The Guardian Begins


Well, it’s New Year’s day in my other home – New Zealand, even though it’s still December the thirty-first here in the UK. So I have begun to write my new science fiction novel. I have settled on The Guardian as the title. For the few who bothered to at least read, let alone the six who I am indebted to for offering their opinions, and whose advice I took note of, here is my New Year’s gift to you – the reconstructed Hook and a short extract.


The guardian’s dark pitiless eyes surveyed the scene one last time. Satisfied that the threat was finally eliminated, it returned to its duties while awaiting the return of its masters. Three weeks later, while on patrol, something on one of the video screens in the mine operations centre got its full attention. More trouble was on the way. Intruders had just arrived. Until they were dealt with, the guardian could not even begin to repair the damage they had caused. But at least it could finish sealing the entrance to the inner sanctum.

Chapter One

“Why us?” Lynne grumbled, once they had arrived at the Space Port in stationary orbit above Mars. Even though she already knew the answer, she still needed to vocalise it, if only to emphasise her displeasure at being volunteered. She had driven her new boss crazy with endless questions like this during the month long journey aboard the robotic solar-wind powered transport. They both knew that this was likely a suicide mission. “What’s so all-fired important about an automated mining operation on Mars?” she continued, “and why the hell did we have to put up with that stinking ancient transporter. Why didn’t the cheapskates get us seats on something more luxurious for the trip?”
“For Christ sake woman will you give it a rest, quit bellyaching! At the moment I’m guessing that the bastards have downed tools over pay and conditions. You’ve read the brief from Earth Corp, therefore you know as well as I that we are to establish why the Olivine mining has stopped. Even though the system is automated, techs are still needed to keep an eye on the machinery and fix things when they break. Plus the ore has to be brought up here to the Space Port to be loaded aboard unmanned transporters like the one we just arrived on for the return journey to Earth. Which means someone like you has to fly the damned cargo shuttles back and forth. Until we get there, we’re only speculating. The first thing we have to do is talk to the mine boss, David Malcolmson. He and everyone else is housed in an accommodation block just inside the mine in Ganges Chasma, an eastern branch of Valles Marineris.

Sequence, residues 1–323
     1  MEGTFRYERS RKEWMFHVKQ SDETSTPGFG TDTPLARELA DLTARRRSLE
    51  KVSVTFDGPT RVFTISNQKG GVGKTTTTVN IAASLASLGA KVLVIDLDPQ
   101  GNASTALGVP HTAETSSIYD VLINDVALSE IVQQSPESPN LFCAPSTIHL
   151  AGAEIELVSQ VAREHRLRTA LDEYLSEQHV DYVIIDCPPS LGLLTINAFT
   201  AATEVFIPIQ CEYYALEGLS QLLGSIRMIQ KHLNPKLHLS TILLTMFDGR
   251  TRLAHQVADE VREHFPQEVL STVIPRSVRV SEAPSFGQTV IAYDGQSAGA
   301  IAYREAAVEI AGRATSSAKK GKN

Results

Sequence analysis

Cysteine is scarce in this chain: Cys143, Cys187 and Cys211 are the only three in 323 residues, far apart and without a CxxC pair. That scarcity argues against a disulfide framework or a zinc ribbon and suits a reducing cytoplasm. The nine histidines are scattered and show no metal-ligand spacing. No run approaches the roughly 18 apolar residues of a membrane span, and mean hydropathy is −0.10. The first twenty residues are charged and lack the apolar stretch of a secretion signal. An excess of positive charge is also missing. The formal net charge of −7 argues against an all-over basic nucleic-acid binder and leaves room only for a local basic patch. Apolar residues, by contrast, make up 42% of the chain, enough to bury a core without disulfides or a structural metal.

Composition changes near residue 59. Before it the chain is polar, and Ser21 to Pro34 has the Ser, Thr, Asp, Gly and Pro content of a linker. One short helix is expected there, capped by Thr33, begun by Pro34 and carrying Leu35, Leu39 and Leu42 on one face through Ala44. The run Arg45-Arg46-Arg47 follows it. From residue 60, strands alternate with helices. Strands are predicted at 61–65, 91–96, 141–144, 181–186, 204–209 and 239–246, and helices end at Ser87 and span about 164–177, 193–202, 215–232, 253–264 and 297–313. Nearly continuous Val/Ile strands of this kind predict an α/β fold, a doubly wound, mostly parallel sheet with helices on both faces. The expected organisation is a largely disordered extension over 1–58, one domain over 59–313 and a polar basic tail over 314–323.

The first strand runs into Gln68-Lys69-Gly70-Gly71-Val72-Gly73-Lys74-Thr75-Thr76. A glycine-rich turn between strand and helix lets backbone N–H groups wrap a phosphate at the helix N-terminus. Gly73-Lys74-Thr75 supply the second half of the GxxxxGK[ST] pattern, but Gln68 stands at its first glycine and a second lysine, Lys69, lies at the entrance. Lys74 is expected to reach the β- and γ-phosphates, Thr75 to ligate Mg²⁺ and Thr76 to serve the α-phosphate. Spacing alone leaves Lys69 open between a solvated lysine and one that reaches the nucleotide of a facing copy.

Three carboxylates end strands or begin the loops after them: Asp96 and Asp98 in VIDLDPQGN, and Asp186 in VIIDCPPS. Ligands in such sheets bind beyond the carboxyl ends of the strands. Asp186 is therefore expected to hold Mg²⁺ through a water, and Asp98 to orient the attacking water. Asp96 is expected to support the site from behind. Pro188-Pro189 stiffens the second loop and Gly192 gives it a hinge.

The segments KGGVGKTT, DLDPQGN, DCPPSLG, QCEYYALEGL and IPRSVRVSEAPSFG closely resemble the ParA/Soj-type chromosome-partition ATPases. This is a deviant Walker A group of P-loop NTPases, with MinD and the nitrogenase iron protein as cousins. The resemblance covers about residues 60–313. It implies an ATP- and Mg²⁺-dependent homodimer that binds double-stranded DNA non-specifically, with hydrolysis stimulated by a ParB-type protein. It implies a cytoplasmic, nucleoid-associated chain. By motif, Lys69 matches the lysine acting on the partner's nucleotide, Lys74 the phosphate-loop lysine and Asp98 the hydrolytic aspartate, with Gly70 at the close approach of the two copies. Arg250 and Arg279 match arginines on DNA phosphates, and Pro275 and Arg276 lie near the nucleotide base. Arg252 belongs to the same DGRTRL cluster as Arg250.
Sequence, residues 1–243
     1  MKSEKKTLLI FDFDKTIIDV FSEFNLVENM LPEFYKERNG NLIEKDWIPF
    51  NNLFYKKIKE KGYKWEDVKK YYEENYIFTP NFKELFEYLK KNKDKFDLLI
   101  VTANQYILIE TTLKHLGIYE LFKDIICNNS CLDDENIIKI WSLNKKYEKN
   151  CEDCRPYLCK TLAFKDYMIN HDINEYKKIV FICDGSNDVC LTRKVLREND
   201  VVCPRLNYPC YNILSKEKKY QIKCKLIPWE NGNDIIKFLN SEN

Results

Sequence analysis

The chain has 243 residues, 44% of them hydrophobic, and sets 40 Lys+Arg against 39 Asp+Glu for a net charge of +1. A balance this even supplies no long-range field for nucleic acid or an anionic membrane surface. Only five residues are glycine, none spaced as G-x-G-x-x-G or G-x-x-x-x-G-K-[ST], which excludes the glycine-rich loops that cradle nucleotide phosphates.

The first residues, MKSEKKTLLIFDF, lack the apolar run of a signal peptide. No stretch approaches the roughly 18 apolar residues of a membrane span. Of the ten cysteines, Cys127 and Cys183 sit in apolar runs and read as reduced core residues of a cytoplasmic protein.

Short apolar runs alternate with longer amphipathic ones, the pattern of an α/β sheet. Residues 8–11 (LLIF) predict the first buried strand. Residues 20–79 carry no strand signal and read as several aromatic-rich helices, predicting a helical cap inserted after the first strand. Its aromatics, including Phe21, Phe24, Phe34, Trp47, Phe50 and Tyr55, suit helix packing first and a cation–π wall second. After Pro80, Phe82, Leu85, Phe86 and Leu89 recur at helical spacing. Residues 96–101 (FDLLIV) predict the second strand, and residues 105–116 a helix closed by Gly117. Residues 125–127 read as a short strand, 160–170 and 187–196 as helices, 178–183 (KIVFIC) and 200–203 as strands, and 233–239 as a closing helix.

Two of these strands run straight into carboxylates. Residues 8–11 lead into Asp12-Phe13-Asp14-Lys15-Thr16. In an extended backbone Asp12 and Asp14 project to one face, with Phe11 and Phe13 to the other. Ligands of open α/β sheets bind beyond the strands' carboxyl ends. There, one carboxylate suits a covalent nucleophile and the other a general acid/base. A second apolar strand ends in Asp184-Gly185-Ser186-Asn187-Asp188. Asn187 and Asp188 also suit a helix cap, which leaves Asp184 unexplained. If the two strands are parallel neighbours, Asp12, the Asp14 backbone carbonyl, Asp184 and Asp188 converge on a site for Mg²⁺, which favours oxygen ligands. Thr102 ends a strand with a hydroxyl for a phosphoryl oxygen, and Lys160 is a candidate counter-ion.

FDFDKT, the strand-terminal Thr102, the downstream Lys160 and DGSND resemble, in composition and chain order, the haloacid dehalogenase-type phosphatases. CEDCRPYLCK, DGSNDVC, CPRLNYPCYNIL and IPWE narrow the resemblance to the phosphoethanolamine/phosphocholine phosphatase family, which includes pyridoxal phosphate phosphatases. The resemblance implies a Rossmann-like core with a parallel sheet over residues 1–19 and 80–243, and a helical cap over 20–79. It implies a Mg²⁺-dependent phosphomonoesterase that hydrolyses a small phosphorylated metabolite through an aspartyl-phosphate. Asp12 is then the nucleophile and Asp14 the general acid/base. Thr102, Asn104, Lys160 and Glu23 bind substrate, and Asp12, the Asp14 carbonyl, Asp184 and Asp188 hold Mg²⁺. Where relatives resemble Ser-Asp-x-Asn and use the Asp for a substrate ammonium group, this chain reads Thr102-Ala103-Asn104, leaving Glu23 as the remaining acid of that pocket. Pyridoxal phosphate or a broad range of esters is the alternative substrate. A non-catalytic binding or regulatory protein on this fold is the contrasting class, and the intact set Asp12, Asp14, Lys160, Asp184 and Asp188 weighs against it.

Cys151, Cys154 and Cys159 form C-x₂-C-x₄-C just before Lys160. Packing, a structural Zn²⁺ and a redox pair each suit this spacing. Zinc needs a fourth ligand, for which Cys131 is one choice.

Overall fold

If you are wondering what Olivine is used for, it is the principal component in the carbon dioxide sequester process back on Earth. You know how bad our atmosphere is, thanks to heavy industry. According to Earth Corp, the last load to arrive back home was six months ago. Before that the mine was sending regular monthly consignments. Any more questions? No? Good. Now quit complaining and get us the hell down there!”
Adler shook his head as he strapped himself into the seat behind Lynne. Why the hell he had to be saddled with this totally unpleasant woman was beyond him. Surely there must have been other pilots to choose from?
As far as Earth Corp was concerned, being ex-military, both Major Adler Stevens and Lieutenant Lynne Crawford were the obvious candidates for the job, and therefore expendable. The CEO of Earth Corp saw no good reason to send one of her own on such a hazardous mission. If they managed to work out what had happened, fix it, and send back a report to say that everything was back to normal, all well and good. If not, someone else would soon be sent in their place. After all, since war was declared illegal, there were plenty like Adler and Lynne to choose from. They had been given precisely one week after their arrival to investigate before they must send that report to Earth Corp.


The guardian watched the shuttle descend to the loading bay airlock inside the mine entrance from inside the inner sanctum. It heard the unmistakeable sound of the outer door closing, sealing off the mine from Mars’ atmosphere, which is one hundred times thinner than that of Earth, being mostly carbon dioxide, and the hiss as the now sealed loading bay automatically pressurised as oxygen was pumped in to allow whoever was inside the shuttle to enter the mine reception centre. It watched as Adler and Lynne walked across to the door connecting the airlock with the living quarters.


So, there it is. With this one, I’m in no steaming hurry. I just want it to enthral the reader all the way through to the end. That requires hours of thought and endless rewriting on my part. To achieve my aim, I’ve given myself the whole of two thousand and fifteen to complete the task.

I’ll keep you all up to date as I progress. Have a happy New Year.

😀 😀 😀

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